• Heavy Gauge Sheets - Used principally in lining tunnels and curved soffits. Enamel steel sheets have a flush edge and firing holes are present to provide support points during the enamelling process - extrusion edge covers are therefore necessary at the joints and terminal ends. We can however supply enamelled sheets with no firing holes if required, by using micro tags to provide support points during the firing process. The thickness of the enamelling quality steel varies between 1.5 mm, 2.0 mm and 2.5 mm.
External cladding at night Vitraclad panels are available in a variety of shapes and sizes. In general, individual panels are manufactured with a maximum face width of 1200 mm on single return flange heavy gauge panels and heavy gauge sheets, or 1160 mm on double return flange heavy gauge panels and light gauge panels. The maximum length on all panels and sheets is 3000 mm, however the recommended maximum panel and sheet length is 2400 mm.

Steel sheet sizes, furnace aperture and panel shape can also provide limitations to the final panel dimensions and it is always advisable to involve Vitrex at the design stage of a project.

Vitraclad panels and sheets are manufactured in accordance with the European Standard EN 14431:2004 for ´´Vitreous and porcelain enamels – characteristics of the enamel coatings applied to steel panels intended for architecture``.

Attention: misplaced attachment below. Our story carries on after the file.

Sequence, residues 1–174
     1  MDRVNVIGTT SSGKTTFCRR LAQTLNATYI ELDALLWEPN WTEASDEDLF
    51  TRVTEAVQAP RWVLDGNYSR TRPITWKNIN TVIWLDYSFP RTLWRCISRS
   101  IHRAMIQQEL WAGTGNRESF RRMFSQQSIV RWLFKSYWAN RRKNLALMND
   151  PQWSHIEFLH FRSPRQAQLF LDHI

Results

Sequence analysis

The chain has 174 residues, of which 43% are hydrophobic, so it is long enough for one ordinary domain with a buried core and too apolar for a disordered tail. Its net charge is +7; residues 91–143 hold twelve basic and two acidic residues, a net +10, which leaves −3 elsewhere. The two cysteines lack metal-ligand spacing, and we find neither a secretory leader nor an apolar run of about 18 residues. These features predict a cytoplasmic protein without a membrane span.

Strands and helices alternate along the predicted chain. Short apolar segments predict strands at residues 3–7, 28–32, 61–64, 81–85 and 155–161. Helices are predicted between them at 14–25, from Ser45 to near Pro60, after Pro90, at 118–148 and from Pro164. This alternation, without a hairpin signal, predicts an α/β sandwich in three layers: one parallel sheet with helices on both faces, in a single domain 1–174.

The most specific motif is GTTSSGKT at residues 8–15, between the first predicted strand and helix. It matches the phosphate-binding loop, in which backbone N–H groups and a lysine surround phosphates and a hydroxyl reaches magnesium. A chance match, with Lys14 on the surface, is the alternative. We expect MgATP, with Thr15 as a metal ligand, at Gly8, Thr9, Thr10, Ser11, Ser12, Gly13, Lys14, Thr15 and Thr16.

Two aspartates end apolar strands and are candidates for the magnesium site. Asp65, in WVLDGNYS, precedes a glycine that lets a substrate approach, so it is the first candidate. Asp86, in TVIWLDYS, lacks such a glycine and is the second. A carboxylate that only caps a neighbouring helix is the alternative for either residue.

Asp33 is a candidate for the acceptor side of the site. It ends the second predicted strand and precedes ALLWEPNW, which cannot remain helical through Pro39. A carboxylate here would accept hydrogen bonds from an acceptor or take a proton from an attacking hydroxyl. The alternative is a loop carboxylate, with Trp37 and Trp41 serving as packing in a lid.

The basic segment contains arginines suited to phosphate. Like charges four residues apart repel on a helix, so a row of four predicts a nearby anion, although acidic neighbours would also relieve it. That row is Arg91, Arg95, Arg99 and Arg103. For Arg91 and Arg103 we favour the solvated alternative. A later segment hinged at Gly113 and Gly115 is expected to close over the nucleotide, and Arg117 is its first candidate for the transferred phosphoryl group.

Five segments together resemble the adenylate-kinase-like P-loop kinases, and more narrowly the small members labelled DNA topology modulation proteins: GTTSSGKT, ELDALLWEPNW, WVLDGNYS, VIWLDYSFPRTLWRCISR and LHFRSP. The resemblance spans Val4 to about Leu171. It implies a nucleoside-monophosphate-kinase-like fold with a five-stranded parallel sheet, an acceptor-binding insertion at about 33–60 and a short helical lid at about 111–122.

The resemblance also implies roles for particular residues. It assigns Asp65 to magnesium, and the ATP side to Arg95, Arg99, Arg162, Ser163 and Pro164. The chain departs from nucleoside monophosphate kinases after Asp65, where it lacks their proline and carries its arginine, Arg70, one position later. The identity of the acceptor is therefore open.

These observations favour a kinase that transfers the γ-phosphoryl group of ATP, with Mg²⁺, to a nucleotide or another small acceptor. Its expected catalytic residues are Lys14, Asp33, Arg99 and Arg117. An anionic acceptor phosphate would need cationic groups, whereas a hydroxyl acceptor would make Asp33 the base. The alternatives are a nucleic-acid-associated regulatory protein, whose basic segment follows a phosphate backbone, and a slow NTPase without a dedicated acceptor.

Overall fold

The standard was prepared by the European Committee for Standardization (CEN) and enjoys the status of National Standard in twenty-eight European countries including the United Kingdom, where it has replaced the original BS 3830 specification for ´´Vitreous enamelled steel building components``.

The new standard specifies the requirements for enamel-coated, cold rolled, heavy and light gauge steel panels intended for interior and exterior architectural use.

The standard also covers the functional and aesthetic characteristics and resistance to graffiti of these panels and related coatings as well as aspects such as the final thickness of the fired enamel, abrasion resistance, impact resistance, surface hardness, flatness, acid resistance, surface appearance, gloss and colour characteristics.